If you want to put together engaging highlight reels or create video stories from multiple Zoom recordings, you can take video editing a step further with our online video editor, Reduct.
Instead of operating like a traditional timeline-based video editor (like iMovie), Reduct is a word-based video editing platform that transcribes Zoom recordings and lets users edit recordings by editing the transcript. It's so easy to use that anybody who's edited a text document can edit videos in Reduct.
Many teams that use Zoom like Reduct because it's entirely web-native and integrates with Zoom's platform, so users can push their Zoom recordings directly into our editor and store their recordings in the cloud. We allow free unlimited video storage, so our platform is especially beneficial for users with a large library of Zoom recordings to manage. Reduct also has collaborative tools so you can work with team members on reviews and edits in real-time.
Let's walk through the process of editing a Zoom recording in Reduct.
Uploading & Storing Zoom Recordings
First, upload your Zoom recordings to Reduct by clicking Import from Zoom on the top left-hand side of the page.
If it's your first time using Reduct (and our Import from Zoom feature) our platform will prompt you to sync your Zoom account and walk you through those steps.
Once you're connected, all of your Zoom cloud recordings are available to upload and push over to Reduct. Note: Reduct does not allow you to push local recordings into the platform. You can always upload those from your computer, but our one-click import only works for cloud recordings.
From that point on, any time you select the Import from Zoom option, you'll be directed to your Zoom recording library where you can choose the videos you want to upload. Remember, we offer unlimited free storage space so you can upload as many Zoom recordings as necessary without extra fees.
When uploading, you'll organize your Zoom recordings in Project-Based folders; this keeps your library clean, allows you to group related recordings together, and makes it easier to share multiple video files at once.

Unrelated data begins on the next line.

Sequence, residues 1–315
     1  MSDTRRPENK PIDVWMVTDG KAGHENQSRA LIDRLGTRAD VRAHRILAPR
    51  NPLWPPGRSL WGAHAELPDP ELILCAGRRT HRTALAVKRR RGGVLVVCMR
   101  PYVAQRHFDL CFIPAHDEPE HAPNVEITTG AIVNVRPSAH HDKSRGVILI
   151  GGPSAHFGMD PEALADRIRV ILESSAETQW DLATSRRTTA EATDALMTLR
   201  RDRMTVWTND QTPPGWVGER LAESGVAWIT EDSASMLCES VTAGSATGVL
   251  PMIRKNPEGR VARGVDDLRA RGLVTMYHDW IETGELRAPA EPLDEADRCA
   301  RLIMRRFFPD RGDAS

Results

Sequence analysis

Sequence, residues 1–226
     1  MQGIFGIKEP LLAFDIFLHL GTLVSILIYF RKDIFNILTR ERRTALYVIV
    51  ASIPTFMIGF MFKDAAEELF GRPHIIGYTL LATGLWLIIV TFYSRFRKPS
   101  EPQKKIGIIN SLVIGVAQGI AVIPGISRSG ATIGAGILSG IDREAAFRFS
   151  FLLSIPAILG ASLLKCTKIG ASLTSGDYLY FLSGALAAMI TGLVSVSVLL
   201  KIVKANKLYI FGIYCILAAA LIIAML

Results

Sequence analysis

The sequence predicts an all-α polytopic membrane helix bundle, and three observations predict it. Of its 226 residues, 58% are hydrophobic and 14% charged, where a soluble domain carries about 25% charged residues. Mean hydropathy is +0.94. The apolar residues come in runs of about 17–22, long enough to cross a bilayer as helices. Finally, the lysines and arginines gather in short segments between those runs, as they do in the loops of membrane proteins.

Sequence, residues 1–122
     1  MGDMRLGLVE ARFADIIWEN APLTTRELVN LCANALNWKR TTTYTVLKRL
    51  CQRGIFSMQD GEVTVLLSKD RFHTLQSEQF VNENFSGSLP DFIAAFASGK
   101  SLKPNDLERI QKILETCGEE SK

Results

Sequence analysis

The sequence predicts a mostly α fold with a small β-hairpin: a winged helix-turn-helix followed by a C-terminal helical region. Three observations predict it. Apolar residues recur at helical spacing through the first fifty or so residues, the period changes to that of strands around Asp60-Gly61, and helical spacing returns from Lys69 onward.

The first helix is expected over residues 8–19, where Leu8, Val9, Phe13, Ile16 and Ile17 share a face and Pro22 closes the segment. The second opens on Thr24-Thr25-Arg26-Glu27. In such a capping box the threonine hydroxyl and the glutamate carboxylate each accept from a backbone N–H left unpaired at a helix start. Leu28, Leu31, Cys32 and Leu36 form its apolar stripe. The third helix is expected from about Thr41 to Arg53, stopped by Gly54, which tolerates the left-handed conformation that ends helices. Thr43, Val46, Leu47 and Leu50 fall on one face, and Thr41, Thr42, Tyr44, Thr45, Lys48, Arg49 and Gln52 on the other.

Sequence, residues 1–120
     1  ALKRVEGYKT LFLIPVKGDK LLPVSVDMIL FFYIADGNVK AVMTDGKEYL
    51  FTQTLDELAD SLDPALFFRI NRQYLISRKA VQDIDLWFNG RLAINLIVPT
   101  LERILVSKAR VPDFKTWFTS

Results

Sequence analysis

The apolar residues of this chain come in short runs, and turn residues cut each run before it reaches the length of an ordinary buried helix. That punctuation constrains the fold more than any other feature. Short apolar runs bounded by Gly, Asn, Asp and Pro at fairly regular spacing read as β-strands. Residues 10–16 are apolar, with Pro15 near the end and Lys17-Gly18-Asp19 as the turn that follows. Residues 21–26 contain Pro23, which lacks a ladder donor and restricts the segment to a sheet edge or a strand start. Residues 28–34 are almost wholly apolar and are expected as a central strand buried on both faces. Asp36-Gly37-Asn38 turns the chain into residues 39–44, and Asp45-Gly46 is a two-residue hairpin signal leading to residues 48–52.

Our Fast & Accurate Transcription Options
After your Zoom recording(s) is uploaded, our computer transcription software gets to work transcribing your recording to text.
Computer transcripts are ready in about 15 minutes and on par with the industry average for accuracy (~85%) — we also make all of our transcripts editable in case you want to correct any inaccuracies. We recommend computer transcription when working with really clear audio, as even the best artificial intelligence can have trouble transcribing around background noise or distinguishing jargon words.
If you have unclear audio (i.e., audio with background noise, multiple speakers, speakers with strong accents, speakers who are hard to hear/understand), or have lots of industry-specific language or acronyms in your video, or you just want a really high-quality transcript you can trust, we also offer professional human transcription that's around ~99% accurate.
Although professional transcriptionists aren't miracle workers, they are much better at computers when audio isn't completely clear. They can make out jargon words, identify speakers, work around speakers who talk over one another, and more to deliver a high-quality transcript. (You can also provide "hints for transcription" when uploading Zoom recordings to help both our human transcribers and our computer software pick up on otherwise hard-to-transcribe words.)
Our human transcripts are delivered back to users within 24 hours — but often much sooner than that — and we offer the cheapest 24-hour human transcription service available, charging only $1.67 per minute of audio. We also deliver computer transcripts to all of our users who opt for human transcription so they have something to review in the meantime.
Review our other article to learn more about our video to text transcription services.
Editing Zoom Recordings by Editing the Transcript
Once you have your transcript in hand, you can begin video editing!
To start, we suggest reading down through your transcript (a.k.a. Doing an initial review) to pinpoint all of the most important moments in your Zoom recording. As you review, you can highlight the moments that stick out to you with your cursor.
Any time you make a highlight, our software automatically pulls that section of video as a clip — called a Highlight. You can tag your Highlights to categorize clips and pinpoint key themes, and you can review all of your Highlights by visiting the Highlights page on Reduct. From there, you can sort all your highlights by date, tags, tag frequency, or highlighted by.
After you've gone through the transcript and made your Highlights, you can use those clips to build a longer video narrative — a Reel. This process is as easy as dragging and dropping your video clips into a sequence. You can compile Highlights from one recording, or use clips from multiple different recordings in one Reel.
Then, once you have all of your video clips arranged into order, you can start putting on the finishing touches. These include: